posted by mskyle at 8:30 AM on May 13, 2013

"If the symptoms come on that quickly, you are almost certainly dealing with staphylococcus aureus."

On a related note, usually symptoms don't come on that quickly. Like, ninety-five percent infectious gastroenteritis is caused by bugs that typically strike 16-36 hours after ingestion.

So waiting a few minutes before you boot is probably only marginally increasing the time the bug has spent in your gut. The damage done in that fraction of time is probably not as great a concern as the danger of ralphing on your steering wheel, the having to sit on the high-way while feeling terrible.
posted by midmarch snowman at 8:37 AM on May 13, 2013 [2 favorites]

I don't know the science - and would be very interested in it - but it seems to me that my body gets rid of things when it needs to. Over the past year, I have eaten moldy tortillas and had a sip of spoiled milk (oops) and both time, I threw up within 10 minutes. My body just rejected the food immediately; waiting was not an option.
posted by insectosaurus at 1:04 PM on May 13, 2013

If you're getting sick within 1-6 hours of exposure, it's probably a toxin-mediated event, usually from toxins produced by Staph aureus (grows in mayo) or Bacillus cereus (grows on rice). Neither of these bacteria are able to survive in your gut, but staph enterotoxin A and cereulide, the toxin produced by B. cereus, withstand harsh environments and act by stimulating serotonin receptors on vagal nerve endings in your stomach which activate your gag reflex and medullary vomiting center, causing you to undertake a review of your lunch.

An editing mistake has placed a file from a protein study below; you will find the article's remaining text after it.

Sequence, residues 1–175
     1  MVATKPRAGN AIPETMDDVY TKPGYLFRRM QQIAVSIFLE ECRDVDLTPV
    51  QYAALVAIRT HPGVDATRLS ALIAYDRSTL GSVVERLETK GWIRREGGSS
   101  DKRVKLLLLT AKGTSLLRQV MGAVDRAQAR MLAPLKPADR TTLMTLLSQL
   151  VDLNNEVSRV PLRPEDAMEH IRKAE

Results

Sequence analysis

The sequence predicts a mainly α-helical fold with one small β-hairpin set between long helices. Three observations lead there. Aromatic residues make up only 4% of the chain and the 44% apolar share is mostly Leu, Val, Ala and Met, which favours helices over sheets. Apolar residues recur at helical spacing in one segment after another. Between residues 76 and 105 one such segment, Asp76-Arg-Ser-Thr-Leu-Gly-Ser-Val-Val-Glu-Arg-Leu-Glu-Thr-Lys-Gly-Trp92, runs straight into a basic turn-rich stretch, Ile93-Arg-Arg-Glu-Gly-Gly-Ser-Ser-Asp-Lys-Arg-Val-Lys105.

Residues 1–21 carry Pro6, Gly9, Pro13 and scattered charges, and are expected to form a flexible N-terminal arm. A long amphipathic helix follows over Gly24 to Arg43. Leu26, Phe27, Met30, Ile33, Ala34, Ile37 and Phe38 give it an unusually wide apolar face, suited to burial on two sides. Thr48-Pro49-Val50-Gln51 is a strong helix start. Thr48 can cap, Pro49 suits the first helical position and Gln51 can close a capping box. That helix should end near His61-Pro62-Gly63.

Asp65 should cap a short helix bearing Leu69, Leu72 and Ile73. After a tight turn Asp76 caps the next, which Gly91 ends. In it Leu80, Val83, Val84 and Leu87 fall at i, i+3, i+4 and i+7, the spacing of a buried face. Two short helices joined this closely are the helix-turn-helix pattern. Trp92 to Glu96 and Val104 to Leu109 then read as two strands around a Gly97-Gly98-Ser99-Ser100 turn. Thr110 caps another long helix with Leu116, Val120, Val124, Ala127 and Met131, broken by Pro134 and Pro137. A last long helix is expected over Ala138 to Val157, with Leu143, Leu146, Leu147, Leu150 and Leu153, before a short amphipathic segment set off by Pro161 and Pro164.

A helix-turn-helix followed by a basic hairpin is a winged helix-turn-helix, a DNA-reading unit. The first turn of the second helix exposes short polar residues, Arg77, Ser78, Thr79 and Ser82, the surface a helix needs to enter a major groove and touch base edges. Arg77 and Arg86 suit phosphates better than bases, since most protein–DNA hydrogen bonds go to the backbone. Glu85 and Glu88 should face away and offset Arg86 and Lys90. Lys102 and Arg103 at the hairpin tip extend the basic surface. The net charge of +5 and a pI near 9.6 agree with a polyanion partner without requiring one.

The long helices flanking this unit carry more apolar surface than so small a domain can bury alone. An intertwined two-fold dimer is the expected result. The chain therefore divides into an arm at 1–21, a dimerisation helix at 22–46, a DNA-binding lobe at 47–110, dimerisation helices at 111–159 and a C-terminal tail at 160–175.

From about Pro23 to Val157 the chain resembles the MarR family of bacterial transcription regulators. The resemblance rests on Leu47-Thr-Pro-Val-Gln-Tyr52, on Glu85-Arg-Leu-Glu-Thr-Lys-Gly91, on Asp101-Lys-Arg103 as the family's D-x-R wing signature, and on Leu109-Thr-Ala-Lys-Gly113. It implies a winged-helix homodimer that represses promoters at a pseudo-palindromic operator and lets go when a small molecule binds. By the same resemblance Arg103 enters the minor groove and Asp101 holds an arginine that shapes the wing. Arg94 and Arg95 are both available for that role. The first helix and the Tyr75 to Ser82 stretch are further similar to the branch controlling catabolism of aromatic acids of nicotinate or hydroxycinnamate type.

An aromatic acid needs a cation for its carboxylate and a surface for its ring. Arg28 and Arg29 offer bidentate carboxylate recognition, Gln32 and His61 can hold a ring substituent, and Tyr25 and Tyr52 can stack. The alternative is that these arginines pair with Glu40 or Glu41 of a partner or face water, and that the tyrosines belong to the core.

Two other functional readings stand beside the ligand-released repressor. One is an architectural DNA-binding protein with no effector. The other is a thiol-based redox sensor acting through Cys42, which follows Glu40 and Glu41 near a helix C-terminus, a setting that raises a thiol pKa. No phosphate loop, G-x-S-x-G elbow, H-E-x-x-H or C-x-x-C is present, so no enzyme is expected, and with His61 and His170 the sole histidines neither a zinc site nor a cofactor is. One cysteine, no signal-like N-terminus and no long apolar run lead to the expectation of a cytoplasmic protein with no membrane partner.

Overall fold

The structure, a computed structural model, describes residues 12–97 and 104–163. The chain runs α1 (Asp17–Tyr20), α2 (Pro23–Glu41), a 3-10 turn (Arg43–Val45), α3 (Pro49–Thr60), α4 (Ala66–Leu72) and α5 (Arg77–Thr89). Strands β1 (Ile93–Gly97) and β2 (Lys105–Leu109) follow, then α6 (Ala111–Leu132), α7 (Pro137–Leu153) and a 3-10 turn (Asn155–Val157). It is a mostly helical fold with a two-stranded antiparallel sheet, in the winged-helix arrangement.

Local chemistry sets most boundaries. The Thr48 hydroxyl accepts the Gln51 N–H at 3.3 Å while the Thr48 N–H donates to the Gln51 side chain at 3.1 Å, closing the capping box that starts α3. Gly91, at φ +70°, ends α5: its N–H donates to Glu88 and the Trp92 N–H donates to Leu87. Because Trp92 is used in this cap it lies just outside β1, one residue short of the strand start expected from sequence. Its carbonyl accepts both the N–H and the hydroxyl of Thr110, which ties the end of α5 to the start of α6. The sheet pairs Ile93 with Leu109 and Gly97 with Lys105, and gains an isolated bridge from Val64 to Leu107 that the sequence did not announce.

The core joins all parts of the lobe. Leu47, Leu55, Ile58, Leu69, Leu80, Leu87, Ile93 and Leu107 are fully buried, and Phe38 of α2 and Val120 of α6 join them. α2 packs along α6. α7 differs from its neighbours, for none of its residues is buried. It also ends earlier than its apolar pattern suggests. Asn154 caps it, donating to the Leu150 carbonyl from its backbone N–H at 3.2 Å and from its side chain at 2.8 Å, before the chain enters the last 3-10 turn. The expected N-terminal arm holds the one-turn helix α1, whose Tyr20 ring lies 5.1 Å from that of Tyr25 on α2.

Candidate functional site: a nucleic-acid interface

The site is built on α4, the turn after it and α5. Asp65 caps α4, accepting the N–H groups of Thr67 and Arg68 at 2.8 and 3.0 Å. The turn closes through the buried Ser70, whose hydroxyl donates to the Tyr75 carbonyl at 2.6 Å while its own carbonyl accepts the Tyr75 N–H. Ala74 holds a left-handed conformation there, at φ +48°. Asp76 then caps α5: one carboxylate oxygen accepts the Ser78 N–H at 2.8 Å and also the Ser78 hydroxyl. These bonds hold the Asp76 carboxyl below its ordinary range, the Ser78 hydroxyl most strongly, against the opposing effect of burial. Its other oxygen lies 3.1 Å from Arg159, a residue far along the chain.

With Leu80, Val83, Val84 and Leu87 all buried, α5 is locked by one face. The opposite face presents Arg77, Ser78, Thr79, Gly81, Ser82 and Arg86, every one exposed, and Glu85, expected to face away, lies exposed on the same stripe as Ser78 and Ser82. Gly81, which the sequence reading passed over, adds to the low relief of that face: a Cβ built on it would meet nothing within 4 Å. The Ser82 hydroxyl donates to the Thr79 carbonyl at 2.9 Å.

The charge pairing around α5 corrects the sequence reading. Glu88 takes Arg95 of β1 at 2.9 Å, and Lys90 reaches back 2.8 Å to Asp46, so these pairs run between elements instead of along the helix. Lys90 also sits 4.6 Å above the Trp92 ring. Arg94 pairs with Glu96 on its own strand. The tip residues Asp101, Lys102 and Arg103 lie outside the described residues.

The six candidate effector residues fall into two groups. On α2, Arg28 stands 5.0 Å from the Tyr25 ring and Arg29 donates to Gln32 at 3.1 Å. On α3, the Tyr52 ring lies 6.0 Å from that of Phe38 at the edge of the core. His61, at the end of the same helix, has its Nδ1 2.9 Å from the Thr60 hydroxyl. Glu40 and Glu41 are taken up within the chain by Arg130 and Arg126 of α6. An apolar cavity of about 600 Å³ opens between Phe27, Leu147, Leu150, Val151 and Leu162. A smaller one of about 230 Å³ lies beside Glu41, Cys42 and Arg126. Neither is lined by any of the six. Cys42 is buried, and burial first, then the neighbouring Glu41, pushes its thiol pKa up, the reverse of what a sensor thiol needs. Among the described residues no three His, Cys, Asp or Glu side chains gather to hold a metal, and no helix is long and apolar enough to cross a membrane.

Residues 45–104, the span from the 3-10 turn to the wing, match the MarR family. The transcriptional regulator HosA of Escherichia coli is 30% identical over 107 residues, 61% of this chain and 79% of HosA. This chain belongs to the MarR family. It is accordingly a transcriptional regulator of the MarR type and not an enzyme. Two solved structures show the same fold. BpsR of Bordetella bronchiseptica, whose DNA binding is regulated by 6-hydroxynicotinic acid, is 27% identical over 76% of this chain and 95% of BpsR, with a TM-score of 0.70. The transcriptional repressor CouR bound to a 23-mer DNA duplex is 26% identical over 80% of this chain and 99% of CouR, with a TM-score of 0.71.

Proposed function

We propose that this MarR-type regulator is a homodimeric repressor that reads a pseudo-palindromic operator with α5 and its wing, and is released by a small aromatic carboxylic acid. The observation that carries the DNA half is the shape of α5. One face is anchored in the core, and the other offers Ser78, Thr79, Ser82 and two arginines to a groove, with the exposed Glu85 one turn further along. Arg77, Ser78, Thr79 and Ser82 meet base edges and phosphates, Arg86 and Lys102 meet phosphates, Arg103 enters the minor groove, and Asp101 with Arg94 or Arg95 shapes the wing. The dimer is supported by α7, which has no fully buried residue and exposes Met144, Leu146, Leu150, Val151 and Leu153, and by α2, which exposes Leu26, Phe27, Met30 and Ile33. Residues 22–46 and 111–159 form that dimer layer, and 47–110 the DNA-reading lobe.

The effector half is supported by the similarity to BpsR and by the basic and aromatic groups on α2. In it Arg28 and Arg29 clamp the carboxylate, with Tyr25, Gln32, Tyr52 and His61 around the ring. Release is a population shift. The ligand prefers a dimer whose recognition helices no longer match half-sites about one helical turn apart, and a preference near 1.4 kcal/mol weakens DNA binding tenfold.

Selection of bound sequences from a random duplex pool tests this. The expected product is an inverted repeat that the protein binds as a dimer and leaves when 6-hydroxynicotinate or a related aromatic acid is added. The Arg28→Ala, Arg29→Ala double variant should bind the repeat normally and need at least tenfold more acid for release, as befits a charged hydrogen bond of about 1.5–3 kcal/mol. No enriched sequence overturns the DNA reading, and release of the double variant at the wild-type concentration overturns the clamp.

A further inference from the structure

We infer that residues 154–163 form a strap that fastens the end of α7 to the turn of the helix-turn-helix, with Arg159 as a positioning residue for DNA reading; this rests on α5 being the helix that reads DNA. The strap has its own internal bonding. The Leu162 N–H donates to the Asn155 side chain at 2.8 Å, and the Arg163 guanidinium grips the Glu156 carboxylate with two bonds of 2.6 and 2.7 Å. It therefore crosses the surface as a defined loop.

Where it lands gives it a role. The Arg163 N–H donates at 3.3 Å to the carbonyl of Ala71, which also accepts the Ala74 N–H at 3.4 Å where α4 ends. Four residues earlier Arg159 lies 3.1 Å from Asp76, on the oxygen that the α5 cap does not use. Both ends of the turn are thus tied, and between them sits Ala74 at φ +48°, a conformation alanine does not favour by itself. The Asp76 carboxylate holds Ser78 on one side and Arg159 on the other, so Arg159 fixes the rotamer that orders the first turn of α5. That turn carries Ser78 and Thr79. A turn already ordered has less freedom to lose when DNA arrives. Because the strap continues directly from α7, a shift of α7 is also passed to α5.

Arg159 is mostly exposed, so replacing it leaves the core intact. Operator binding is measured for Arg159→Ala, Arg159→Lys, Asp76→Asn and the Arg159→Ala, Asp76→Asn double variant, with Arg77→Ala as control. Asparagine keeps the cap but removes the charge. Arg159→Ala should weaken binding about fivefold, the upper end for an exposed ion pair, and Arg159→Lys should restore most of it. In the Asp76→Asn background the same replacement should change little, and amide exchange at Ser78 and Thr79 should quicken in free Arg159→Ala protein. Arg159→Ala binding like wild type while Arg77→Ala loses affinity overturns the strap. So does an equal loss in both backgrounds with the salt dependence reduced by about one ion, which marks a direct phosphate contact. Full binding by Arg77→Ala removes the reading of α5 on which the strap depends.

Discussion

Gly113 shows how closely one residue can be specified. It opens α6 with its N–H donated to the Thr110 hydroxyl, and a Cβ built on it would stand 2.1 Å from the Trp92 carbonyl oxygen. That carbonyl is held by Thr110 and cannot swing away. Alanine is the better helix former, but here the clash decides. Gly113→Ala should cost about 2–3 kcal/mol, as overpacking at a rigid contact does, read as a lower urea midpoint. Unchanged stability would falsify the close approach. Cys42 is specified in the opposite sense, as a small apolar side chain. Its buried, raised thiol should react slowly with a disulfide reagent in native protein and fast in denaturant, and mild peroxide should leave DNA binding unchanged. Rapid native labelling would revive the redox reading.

Inasmuch as you have agency to suppress this vomiting reflex (I doubt any of us really do), the additional few minutes that the toxin spends in your gut is probably inconsequential. For the most part, your body knows what to do.

Another possibility, however, (assuming there was fish in your sushi) is Scombroid food poisoning, though this would usually also present with flushing/sweating and headache. This poisoning occurs when fishy muscle fibers spoil and get digested by bacteria. One of their component amino acids, l-histidine, gets broken down to histamine and other similar compounds. The exact vomiting mechanism in this case is unknown, but suffice it to say that your vomiting center does have histamine receptors.

Harrison's mentions that "affected fish typically have a sharply metallic or peppery taste" (SPICY TUNA ANYONE?), and that this type of poisoning can also cause several other nasty sympoms including "headache, thirst, pharyngitis, palpitations, tachycardia, dizziness, and hypotension," such that Scombroid food poisoning is often mistaken for an allergic reaction.

The entry continues, "protracted nausea and vomiting, which may empty the stomach of toxin, may be controlled with a specific antiemetic," which implies a couple things about therapy relevant to your question: if the vomiting is causing you more distress than the other symptoms, then keeping the toxin onboard by suppressing vomiting is a prudent clinical decision (best decided by you + doctor). If, on the other hand, you want to get it all over with sooner, it may be more prudent to just get it all out of your system by letting the toxin do its thing. More often than not, toxin-mediated food poisoning is self-limited and clears up on its own within 8-12 hours.
posted by The White Hat at 2:40 PM on May 13, 2013 [9 favorites]